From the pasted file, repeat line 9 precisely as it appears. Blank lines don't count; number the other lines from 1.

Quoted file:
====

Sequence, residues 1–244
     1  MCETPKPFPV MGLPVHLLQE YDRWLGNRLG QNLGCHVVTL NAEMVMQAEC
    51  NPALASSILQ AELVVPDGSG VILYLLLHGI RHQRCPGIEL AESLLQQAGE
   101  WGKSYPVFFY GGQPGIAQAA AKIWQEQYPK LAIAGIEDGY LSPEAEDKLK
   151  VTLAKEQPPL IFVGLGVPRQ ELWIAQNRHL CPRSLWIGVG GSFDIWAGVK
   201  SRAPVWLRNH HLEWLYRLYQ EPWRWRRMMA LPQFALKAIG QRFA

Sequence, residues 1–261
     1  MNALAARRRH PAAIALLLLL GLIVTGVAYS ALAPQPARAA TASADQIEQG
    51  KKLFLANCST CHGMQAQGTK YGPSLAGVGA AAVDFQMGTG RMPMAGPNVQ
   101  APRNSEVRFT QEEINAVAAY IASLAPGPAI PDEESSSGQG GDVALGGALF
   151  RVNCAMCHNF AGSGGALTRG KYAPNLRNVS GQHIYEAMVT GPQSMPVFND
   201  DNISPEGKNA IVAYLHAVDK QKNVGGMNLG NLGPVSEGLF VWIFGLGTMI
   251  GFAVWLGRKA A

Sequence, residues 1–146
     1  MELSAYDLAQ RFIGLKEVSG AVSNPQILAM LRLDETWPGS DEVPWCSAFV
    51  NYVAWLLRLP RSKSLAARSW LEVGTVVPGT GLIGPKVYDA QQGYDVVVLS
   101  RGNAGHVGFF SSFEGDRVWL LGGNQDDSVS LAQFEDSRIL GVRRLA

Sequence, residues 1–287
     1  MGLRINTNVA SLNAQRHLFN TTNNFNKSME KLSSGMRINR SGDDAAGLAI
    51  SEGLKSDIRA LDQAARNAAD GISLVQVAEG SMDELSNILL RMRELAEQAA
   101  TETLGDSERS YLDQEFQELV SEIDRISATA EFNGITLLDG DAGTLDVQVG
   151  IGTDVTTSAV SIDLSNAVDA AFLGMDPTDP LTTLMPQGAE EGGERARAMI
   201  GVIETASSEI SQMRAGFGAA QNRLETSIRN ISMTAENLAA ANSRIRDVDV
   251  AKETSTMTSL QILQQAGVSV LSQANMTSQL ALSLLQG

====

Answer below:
    51  KKLFLANCST CHGMQAQGTK YGPSLAGVGA AAVDFQMGTG RMPMAGPNVQ